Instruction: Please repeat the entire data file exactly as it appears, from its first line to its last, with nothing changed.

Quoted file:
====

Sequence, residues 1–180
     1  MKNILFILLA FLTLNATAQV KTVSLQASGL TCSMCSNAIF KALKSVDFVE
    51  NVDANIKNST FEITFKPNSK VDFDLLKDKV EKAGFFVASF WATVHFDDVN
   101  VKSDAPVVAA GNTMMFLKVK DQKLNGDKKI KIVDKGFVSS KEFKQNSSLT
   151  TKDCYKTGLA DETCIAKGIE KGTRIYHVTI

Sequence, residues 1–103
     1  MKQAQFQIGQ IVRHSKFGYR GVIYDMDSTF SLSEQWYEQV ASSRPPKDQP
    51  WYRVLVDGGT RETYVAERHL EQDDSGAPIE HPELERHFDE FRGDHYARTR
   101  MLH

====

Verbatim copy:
Sequence, residues 1–180
     1  MKNILFILLA FLTLNATAQV KTVSLQASGL TCSMCSNAIF KALKSVDFVE
    51  NVDANIKNST FEITFKPNSK VDFDLLKDKV EKAGFFVASF WATVHFDDVN
   101  VKSDAPVVAA GNTMMFLKVK DQKLNGDKKI KIVDKGFVSS KEFKQNSSLT
   151  TKDCYKTGLA DETCIAKGIE KGTRIYHVTI

Sequence, residues 1–103
     1  MKQAQFQIGQ IVRHSKFGYR GVIYDMDSTF SLSEQWYEQV ASSRPPKDQP
    51  WYRVLVDGGT RETYVAERHL EQDDSGAPIE HPELERHFDE FRGDHYARTR
   101  MLH